Tuesday, December 02, 2008

My Silence Should Not Be Misconstrued as Satisfaction

Because I am not Content.

I am not finding my post-election voice, that's for sure. I sense that George Bush is winning. Most of the malignant tumors which he started in American foreign policy seem destined to be validated through their indefinite extension. I'm speaking of his interminal occupations in Iraq and Afghanistan.

I'm basing this expectation on the appointment of pro-Iraq invasion people such as Hillary Clinton, Robert Gates, and Jim Jones. These are not neo-cons. That's true enough. Even though Barack Obama is proving true to his word - that he is not a peacenik lefty but a realistic centrist - I am disappointed that the Iraq occupation will not be summarily disassembled and removed.

Neither does Bush appear to be threatened by incipient prosecution on inauguration day+1. Both are disappointments but not surprises. It's ironic that Bush may have escaped the fate he deserved by virtue, if I can use that word, of the penultimate wreck and ruin into which he has plunged our once-great country. I'm speaking not only of the two seemingly inextricable foreign occupations he is bequeathing the next two presidencies (or more), but also the constitutional, economic, and diplomatic damage the country has suffered. Ironically, it is the extremes of devastation from Bush's rule which promise to protect him the most.

So great will be the efforts and energies required to undo the unfathomable damage done to our American polity, that no political resources can be reserved to prosecute Bush or the horses he's riding out with. In a real sense, Busheney's are the perfect crimes. They have committed mass murder and they are getting away with it. O.J. Simpson has nothing on them.

I cannot muster much voice to complain about Obama's administration in its formulative phase. After all, I feel like I'm on my knees, grasping for consolations of some sort. We'll have an extraordinarily gifted and elite leader who is well-schooled in law, in history, in rhetoric, and in the world outside of our shores. For the first time this century. Going forward, neither I nor my dog will feel compelled to bark when his voice is heard on nightly TV news.

For the time being, that's a consolation that's going to have to do for me.

7 Moderated Comments:

Blogger the WIZARD, fkap said...

Obama won because Americans respected his intelligence and trusted his judgement. Perhaps because I did not vote for Obama I find the signals his appointments are sending to be hopeful and reassuring.

We will be out of Iraq in a reasonable, safe and responsible manner. Who could possibly want any other outcome?

12/03/2008 12:19:00 AM  
Blogger Vigilante said...

POSTSCRIPT: Fearguth's graphics from Bildungblog have been added.

12/03/2008 07:33:00 AM  
Blogger MacDaddy said...

I'm with you. I don't see any significant change coming from centrist politicians and Obama cabinet members, some of whom disbanded important financial regulations and got us into a pre-emptive, illegal war in the first place.

I think we need a more organized leftist movement in this country to push an Obama administration to take our views and perspectives into account.

12/03/2008 10:03:00 AM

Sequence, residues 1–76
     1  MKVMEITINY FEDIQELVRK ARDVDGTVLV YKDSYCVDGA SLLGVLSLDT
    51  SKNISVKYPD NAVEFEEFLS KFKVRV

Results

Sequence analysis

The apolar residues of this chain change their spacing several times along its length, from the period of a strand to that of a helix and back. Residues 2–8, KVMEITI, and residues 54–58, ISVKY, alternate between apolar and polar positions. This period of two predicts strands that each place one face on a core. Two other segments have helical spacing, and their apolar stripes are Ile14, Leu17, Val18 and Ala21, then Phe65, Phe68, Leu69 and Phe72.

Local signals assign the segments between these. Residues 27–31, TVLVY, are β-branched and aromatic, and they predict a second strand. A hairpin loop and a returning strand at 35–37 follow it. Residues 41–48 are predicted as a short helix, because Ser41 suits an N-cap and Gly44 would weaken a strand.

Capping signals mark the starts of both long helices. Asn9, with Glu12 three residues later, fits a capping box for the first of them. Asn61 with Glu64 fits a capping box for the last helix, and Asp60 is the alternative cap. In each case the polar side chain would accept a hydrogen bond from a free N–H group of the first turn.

Blogger Will "take no prisoners" Hart said...

To me, the election was a choice between Bush-Lite (Obama) and Uber-Bush (McCain). I obviously chose the former but, like you, I had/have reservations (sabre-rattling toward Pakistan, a residual force in Iraq, a "surge" in Afghanistan, etc.).

12/03/2008 01:12:00 PM  
Blogger Coleen Rowley said...

This is a difficult time of wait and see with two camps of thought among those who voted for Obama. The much larger group who always tended to put more stock in winning elections is still happy to bask in the after-glow. That group can't believe anyone would dare so soon after the election to criticize anything Obama does. The other smaller group is becoming increasingly worried along lines of MacDaddy's observation that nothing much is going to change or improve.

It'll be hard for the average citizen to know, if in fact, the wars drag on and things do not improve or change much, how much that staying of the course is due to real inextractable difficulties and how much is due to the corrupting influences of the Military Industrial Complex and other special interests on our current political process.

I've become a little worried just listening to Sean Hannity and Rush Limbaugh extol Obama's picks.

My real litmus test will be to see whether Obama jettisons the "war on terror" metaphor which by now even RAND Corp recommends. The change of term is a no-brainer, and unlike revitalizing the economy, wouldn't cost a dime. Our allies have long ago dropped the term. If Obama, on the other hand, sticks to the terrible metaphor for longer than a couple weeks, we better start worrying, organizing and activating. What I'm saying is we'll have a good idea by early February if the promised change is coming or not.

12/03/2008 10:02:00 PM  
Blogger Vigilante said...

Great statement, Coleen! Especially your last para on GWOT!

12/04/2008 08:16:00 AM  
Blogger Soros' Proxy said...

Quote of the day by Barney Franks:

When Obama says "we only have one president at a time. The problem is, is that overstates how many presidents we have at this moment."

12/05/2008 09:49:00 PM  

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